Laser Therapy for Horses

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Healing Your Horse at the Cell Level Using Laser Treatment

by David Sauter D.V.M.


Laser Therapy for horses
Photo Courtesy Kulshan Veterinary Hospital. Dr. Sauter applying laser therapy to a horse’s leg.

Laser therapy is a powerful, safe and non-invasive treatment available in both veterinary and human medicine.  “Laser” is an acronym for Light Amplified by Stimulated Emission of Radiation. First postulated by Albert Einstein in 1913, it wasn’t until nearly a half century later, in 1960, that the first laser was produced in Hughes Aircraft Research Laboratory in Malibu, California.  The first experimental application of laser energy for therapy was in 1967 by Dr. Endre Mester at the University of Hungary.  From there, interest spread to Eastern Europe, the Soviet Union and China before eventually traveling to Western Europe and the United States.

Lasers are classified according to their potential to cause damage to biological tissue.  The lowest level, Class I lasers, pose no risk of causing tissue damage under normal operating conditions and are therefore exempt from the Laser Safety Program.  Examples include the lasers used in CD players and laser printers.  Class II lasers do have the potential to cause eye damage if viewed directly for prolonged periods of time.  Examples include barcode scanners and laser pointers.  Medium power lasers are in Class III and are used in research and in some low level laser therapy units and will damage eye tissue if viewed directly.  Class IV lasers have more powerful energy output and are used in both surgical and therapeutic laser technology.  These lasers can cause eye damage not only from direct beams but also from the reflected beams that bounce off nearby surfaces, consequently protective eyewear is essential at all times during laser emission.  While Class IV lasers have the power required to provide deep and efficient delivery of light energy, they are still classified as low level laser therapy (LLLT).

LLLT has positive biological effects on tissue, selectively affecting damaged cells, whereas higher energy lasers are damaging to both healthy and unhealthy cells.  LLLT affects tissues at the cellular level by stimulating the damaged cell membranes and internal structures.  It is not a heating, or photo-thermal effect. The benefits of laser therapy are not through a photo-thermal mechanism.  It is, rather, an interaction between photons and photoreceptive structures within damaged cells, such as mitochondria.  Here are examples of some of the positive effects of laser therapy:

  • Relieves pain by stimulating the release of beta-endorphins, stabilizing nerve cells, relaxing muscle, and increasing the threshold for pain perception.
  • Reduces inflammation promoting better circulation of blood and lymphatic flow and by inhibiting the production of inflammatory mediators.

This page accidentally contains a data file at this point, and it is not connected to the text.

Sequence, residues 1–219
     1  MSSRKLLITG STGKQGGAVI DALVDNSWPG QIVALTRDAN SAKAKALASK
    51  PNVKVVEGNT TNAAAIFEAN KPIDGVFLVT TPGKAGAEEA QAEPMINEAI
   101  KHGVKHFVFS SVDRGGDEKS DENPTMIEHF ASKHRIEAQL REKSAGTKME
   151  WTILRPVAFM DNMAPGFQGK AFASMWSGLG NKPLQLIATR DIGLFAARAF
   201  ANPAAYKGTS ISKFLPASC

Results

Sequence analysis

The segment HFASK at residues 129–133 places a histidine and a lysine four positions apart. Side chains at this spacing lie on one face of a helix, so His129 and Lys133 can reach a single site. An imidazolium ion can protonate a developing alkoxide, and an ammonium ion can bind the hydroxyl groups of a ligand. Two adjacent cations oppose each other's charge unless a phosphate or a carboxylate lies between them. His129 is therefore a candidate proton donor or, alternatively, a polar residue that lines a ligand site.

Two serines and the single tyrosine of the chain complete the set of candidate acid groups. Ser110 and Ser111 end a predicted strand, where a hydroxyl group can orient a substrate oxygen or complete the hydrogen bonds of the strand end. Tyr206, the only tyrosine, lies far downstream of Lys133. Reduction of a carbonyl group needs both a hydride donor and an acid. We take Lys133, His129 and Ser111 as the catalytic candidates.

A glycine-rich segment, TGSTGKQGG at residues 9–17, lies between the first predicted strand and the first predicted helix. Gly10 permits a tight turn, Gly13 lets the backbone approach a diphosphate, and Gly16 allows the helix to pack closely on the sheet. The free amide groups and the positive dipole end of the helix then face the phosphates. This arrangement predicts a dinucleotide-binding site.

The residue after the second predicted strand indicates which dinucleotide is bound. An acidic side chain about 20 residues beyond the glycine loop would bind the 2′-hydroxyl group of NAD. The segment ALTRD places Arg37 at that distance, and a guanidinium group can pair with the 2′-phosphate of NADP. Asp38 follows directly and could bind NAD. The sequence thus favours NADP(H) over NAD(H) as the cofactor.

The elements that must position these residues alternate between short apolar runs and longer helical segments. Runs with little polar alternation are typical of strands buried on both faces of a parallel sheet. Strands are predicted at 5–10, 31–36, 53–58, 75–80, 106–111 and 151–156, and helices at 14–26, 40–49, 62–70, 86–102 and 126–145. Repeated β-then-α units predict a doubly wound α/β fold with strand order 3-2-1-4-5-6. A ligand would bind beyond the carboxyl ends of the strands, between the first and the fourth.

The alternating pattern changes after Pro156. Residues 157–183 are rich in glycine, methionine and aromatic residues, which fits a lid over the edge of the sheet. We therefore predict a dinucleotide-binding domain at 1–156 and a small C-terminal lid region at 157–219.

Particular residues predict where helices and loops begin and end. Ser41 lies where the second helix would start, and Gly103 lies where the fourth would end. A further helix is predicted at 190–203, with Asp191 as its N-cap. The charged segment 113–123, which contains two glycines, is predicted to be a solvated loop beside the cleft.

• Speeds tissue repair and cell growth by increasing the energy level of the cell, increasing the rate of cell division, stimulating regenerative cells and stimulating nerve regeneration and scar tissue remodeling.
  • Improves circulation within damaged tissue by stimulating the formation of new capillaries and by causing dilation of blood vessels.

The healing properties of laser therapy and the deep efficient penetration possible with Class IV laser technology create endless possibilities for its application with the horse.  Acute or chronic pain, joint problems such as arthritis, tendon or ligament injuries, and wounds all can potentially benefit.  It can be applied to lower limb, upper limb, back or neck problems.  Sedation is usually not necessary.  Most horses seem to become very relaxed and calm. However,  some horses with sensitive skin and/or nervous dispositions might feel a tingling or warming sensation during the procedure that could lead to unwillingness to cooperate.  The length of each session is generally not long but depends upon the size of the area involved and whether more than one site needs treatment.  Protective eyewear is mandatory for all people in the area.  Eye protection for the horse is generally only used when the procedure is near the eyes.

There are situations where laser therapy can cause harm.  Here are examples of when therapeutic laser should not be used:

  • If active hemorrhage is occurring in the area.
  • Any area where corticosteroids have been recently injected, e.g. joint injections.
  • The abdominal or pelvic area of a pregnant mare.
  • Any areas of skin tumors, such as melanomas or sarcoids.
  • Any patient receiving photosensitive medications, e.g. tetracycline, oxytetracycline or acetazolamide.

Therapeutic laser is routinely used worldwide both in veterinary and human medicine for treating pain, for its anti-inflammatory benefits and wound healing properties.  Laser therapy is a safe and inexpensive treatment available at Kulshan for numerous ailments affecting horses. Call for more information 360-354-5095.


Published June 2014 Issue


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